ICVBM and VC-CAST to Partner with R.L. Roudebush VA Medical Center
(Center Spotlight - IUPUI Research Enterprise,
Dec. 17th, 2008)
The IUPUI Vascular and Cardiac Center for Adult Stem Cell Therapy (VC-CAST) will partner with Richard L. Roudebush Indianapolis VA Medical Center to establish a program for adult stem cell research and patient trials at the Indianapolis VA Medical Center. The VC-CAST, an important example of translational research on the IUPUI campus, was established in 2008 as an IUPUI Signature Center, itself representing a partnership among the Indiana Center for Vascular Biology and Medicine, the Krannert Institute of Cardiology, and the campus.
According to Dr. Keith March, director of VC-CAST, "this joint research initiative has two key components: a program with investigators conducting laboratory work relating particularly to blood vessels and adult stem cells; and a program oriented to facilitating access of veterans throughout the country to participation in cell therapy studies as they are developed to treat various diseases."
Thomas Mattice, Director of the Indianapolis VA Medical Center, expressed enthusiastic support for the center. "This type of research holds great promise for our veteran patients, and fits squarely into the research mission of the VA. Typical of the research conducted within the VA, this research spans the spectrum from basic clinical science conducted in the laboratory to the application of that science to treat diseases."
Critical patient needs under consideration for early trial development include peripheral vascular disease causing either threatened amputation or severe leg pain with walking, stroke, diabetes, erectile dysfunction, wounds or ulcers, and emphysema - among others.
IUPUI Signature Center formed focusing on Vascular and Cardiac Adult Stem Cell Therapy: VC-CAST
(IUSM- February, 2008)
The Vascular and Cardiac Adult Stem Cell Therapy Center has been launched as one of the Indiana University Signature Centers. This Center was initiated as a partnership of the ICVBM with the Krannert Institute of Cardiology and the IUPUI campus. This center will conduct multidisciplinary research aimed at repairing and enhancing the function of cardiovascular tissues. Translation of adult stem cell research findings to diseases of the cardiac and vascular systems will allow researchers in this center to explore novel approaches to repairing cardiac and vascular damage and improving the function of the vascular system. The unique collaborative expertise of both basic and clinical scientists gathered together in this center will allow the rapid translation of advances in adult stem cell research to clinical trials of new therapies.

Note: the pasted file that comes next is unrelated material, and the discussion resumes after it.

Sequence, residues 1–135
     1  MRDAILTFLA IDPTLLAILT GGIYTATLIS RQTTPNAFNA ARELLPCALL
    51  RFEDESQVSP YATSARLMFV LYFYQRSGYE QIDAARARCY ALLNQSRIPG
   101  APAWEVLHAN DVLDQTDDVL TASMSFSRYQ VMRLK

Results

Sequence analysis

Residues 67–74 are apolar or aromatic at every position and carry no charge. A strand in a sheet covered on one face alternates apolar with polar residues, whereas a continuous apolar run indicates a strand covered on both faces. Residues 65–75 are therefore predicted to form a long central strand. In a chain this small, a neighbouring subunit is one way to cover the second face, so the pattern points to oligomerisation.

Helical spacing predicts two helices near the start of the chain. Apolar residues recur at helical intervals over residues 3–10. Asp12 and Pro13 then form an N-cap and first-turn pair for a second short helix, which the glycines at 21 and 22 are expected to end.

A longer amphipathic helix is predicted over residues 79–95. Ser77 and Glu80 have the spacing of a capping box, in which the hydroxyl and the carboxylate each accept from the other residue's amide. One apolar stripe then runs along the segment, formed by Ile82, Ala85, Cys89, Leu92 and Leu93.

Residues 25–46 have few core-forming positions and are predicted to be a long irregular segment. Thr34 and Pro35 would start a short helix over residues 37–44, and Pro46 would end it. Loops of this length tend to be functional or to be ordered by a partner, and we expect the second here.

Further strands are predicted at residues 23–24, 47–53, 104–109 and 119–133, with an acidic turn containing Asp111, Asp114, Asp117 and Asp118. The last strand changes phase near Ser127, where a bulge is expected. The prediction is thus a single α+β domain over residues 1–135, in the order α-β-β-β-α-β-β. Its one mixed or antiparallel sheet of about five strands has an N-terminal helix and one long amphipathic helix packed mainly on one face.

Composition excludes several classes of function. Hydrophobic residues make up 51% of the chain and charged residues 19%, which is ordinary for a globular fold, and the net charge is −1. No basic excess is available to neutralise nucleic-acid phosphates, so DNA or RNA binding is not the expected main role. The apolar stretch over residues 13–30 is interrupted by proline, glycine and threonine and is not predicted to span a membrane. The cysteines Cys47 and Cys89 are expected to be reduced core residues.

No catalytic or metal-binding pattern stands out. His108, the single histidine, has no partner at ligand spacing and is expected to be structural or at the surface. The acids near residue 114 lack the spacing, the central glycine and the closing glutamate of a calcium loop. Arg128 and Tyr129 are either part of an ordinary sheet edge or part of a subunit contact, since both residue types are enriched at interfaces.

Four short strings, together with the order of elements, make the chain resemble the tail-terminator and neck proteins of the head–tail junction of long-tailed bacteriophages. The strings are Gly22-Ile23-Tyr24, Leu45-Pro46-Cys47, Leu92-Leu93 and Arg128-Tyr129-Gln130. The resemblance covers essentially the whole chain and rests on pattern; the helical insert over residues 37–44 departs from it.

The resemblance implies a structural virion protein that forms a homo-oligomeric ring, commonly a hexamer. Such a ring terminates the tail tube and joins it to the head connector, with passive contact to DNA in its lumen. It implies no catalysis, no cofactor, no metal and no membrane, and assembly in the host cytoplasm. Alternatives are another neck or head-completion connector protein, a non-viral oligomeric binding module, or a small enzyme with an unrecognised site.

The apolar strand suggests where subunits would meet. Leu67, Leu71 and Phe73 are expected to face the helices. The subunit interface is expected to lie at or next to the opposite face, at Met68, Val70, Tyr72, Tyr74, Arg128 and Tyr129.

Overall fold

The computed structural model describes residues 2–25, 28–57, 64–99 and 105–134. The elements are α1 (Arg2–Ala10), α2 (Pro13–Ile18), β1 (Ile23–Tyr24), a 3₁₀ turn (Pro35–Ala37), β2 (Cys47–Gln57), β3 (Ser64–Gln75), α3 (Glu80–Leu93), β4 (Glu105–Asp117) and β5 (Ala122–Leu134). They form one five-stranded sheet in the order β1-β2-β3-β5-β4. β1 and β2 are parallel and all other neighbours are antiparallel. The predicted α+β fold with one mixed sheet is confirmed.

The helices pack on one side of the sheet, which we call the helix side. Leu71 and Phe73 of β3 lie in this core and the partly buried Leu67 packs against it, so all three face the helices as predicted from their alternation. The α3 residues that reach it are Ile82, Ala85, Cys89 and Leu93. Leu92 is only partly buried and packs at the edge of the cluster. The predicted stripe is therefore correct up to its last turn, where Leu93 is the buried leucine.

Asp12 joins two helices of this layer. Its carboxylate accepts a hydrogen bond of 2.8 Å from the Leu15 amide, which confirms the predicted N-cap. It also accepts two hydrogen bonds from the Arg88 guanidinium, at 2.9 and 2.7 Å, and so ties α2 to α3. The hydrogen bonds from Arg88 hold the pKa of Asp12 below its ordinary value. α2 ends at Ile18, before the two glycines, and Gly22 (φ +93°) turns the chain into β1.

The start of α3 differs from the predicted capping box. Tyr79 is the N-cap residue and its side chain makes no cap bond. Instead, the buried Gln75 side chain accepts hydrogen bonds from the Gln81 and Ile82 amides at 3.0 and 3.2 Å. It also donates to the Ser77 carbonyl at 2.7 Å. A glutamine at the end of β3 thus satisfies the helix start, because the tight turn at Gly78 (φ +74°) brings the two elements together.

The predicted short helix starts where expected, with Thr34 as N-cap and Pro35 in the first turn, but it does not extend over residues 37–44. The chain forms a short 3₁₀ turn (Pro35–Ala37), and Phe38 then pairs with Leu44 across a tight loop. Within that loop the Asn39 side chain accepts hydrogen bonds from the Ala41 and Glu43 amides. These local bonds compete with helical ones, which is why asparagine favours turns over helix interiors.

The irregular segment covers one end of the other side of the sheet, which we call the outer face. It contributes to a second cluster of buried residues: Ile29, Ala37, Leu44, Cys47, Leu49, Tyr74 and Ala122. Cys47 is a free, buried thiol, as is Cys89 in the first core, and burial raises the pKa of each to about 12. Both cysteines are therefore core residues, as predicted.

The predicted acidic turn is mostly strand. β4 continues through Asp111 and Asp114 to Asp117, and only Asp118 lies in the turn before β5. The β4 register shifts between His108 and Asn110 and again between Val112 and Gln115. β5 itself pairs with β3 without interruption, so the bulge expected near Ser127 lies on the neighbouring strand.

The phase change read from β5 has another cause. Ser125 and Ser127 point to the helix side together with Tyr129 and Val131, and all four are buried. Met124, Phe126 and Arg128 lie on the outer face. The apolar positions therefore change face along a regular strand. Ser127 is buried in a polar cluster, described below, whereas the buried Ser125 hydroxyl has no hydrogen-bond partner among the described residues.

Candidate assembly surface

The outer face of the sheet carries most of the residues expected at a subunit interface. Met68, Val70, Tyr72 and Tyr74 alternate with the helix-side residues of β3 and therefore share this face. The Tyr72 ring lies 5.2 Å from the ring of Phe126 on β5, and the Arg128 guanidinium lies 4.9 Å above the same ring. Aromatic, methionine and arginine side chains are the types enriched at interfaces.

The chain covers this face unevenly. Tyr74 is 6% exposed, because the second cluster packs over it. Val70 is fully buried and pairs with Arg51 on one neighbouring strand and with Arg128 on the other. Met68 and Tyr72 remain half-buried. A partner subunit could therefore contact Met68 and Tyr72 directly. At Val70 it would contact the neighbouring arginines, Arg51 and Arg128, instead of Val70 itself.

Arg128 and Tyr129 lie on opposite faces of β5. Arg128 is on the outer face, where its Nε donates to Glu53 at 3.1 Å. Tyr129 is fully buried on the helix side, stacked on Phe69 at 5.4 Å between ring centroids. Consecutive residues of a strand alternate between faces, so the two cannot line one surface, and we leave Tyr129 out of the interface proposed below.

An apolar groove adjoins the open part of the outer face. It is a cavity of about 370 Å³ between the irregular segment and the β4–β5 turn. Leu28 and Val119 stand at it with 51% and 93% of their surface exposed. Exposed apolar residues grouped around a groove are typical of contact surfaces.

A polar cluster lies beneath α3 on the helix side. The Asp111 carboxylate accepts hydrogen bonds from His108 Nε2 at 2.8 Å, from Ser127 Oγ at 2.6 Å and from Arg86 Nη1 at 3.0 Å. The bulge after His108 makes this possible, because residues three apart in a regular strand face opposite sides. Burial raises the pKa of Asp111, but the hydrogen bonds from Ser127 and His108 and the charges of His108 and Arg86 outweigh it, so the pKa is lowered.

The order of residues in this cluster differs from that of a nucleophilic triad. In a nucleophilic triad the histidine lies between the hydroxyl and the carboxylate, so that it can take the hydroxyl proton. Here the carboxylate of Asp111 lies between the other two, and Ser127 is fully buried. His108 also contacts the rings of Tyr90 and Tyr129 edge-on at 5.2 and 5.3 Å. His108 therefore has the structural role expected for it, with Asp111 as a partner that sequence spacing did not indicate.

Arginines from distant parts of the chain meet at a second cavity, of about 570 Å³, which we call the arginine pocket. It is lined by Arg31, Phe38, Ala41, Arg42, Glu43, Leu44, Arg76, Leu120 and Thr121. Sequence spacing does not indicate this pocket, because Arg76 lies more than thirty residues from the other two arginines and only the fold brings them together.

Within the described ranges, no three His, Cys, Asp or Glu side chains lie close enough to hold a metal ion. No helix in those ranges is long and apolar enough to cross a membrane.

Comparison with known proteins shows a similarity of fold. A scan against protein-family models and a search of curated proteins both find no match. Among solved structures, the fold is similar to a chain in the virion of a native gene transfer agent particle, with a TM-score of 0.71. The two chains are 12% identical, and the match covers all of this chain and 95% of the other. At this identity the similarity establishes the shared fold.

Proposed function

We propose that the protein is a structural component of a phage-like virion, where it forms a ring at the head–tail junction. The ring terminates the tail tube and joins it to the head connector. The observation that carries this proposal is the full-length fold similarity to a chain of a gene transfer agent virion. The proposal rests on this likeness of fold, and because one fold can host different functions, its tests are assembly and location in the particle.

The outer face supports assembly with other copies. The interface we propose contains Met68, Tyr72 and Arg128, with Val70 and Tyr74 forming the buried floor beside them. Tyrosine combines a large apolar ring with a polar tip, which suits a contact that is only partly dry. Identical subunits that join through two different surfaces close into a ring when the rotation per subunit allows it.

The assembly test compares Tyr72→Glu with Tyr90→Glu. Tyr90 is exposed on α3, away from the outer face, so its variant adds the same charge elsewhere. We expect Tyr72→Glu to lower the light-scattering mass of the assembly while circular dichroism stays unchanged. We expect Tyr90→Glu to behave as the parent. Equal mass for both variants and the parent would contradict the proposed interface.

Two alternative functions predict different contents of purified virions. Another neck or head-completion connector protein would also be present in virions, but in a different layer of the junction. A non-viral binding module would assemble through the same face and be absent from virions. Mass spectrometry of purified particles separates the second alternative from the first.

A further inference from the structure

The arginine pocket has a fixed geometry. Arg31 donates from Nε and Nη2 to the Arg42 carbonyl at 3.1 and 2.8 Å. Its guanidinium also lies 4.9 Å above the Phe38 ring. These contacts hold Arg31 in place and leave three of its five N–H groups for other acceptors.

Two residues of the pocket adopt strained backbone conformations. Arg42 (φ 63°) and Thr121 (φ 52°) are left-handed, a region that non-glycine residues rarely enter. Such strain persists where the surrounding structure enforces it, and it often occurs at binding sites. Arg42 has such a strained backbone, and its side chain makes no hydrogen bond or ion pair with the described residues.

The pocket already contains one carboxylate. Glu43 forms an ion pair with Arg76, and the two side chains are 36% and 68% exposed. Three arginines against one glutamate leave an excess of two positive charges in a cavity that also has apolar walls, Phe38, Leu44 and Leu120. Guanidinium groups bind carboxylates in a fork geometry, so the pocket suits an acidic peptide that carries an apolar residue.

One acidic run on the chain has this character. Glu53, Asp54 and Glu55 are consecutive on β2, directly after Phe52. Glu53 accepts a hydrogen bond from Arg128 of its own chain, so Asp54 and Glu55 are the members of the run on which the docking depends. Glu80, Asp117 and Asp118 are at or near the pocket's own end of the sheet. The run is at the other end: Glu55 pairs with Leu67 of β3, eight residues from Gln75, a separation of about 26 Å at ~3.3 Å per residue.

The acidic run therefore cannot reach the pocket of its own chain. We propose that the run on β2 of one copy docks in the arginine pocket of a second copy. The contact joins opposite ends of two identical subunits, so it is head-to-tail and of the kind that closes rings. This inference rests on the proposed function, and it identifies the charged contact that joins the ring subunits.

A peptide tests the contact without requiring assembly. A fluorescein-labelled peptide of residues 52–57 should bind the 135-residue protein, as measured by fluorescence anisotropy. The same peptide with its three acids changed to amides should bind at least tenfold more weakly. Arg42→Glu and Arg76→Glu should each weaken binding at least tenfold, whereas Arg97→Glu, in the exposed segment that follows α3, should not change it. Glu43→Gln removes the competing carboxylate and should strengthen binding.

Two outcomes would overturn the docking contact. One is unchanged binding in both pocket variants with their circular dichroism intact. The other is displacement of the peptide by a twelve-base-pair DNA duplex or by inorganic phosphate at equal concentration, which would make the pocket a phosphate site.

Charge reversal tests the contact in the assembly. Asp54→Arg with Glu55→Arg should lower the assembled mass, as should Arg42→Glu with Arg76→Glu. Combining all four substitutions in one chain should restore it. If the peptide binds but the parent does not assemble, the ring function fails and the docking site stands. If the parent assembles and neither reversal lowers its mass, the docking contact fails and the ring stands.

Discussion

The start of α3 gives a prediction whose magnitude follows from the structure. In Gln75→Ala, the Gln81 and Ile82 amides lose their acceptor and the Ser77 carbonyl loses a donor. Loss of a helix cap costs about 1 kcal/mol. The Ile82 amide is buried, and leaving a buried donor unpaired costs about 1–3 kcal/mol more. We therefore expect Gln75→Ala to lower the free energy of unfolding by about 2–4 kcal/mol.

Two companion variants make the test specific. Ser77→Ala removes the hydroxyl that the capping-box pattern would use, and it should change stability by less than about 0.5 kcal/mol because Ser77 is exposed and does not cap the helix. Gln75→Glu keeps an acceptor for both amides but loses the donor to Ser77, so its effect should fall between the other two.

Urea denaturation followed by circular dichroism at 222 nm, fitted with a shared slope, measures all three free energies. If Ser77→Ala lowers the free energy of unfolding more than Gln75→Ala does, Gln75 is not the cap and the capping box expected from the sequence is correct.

The Signature Center initiative is intended by IUPUI to identify truly special "Signature" efforts of the IUPUI campus, "taking IUPUI's research to a much higher level by helping to create a significant number of Signature Centers which will stand out like skyscrapers over the surrounding landscape," in the words of Executive Vice Chancellor and Dean of the Faculties Uday Sukhatme.
A Perfect Match
When an IU professor's research meets a donor's commitment
Each year, thousands of Americans lose limbs due to severe peripheral arterial disease (PAD), and Dr. Michael Murphy at the Indiana University School of Medicine is working to change that.
Murphy, an assistant professor at the Indiana Center for Vascular Biology and Medicine, is the only physician in the U.S. conducting an FDA-approved clinical trial using adult stem cell injections to treat patients with PAD-related leg pain and foot ulcers. Murphy's goal is to reduce the need for leg amputation by treating these patients with injections of their own stem cells.
Six thousand miles away in Iraq, Tim Howey has been following Murphy's groundbreaking research with keen interest. Howey, an IU alumnus and civilian employee for a U.S. contractor, recently gave a $50,000 gift to support ICVBM research. The Cryptic Masons Medical Research Foundation in Nashville, Indiana, matched Howey's gift.
Howey has a deep commitment to helping Murphy lessen the devastating effects of PAD.
"My mother died from heart and renal failure caused by diabetes," he says. "I decided that vascular and heart disease research projects would contribute to the fight against diabetes. My will is set up to donate my entire estate to the Indiana University School of Medicine in care of the IU Foundation upon my passing."
Reasons for Optimism
Fifty percent of patients treated in the PAD study are pain free and not facing amputation. Murphy is optimistic.
"Annually, 30,000 to 50,000 people in this country lose a limb due to PAD. We are hopeful that stem cell therapy may be a way to treat these patients."
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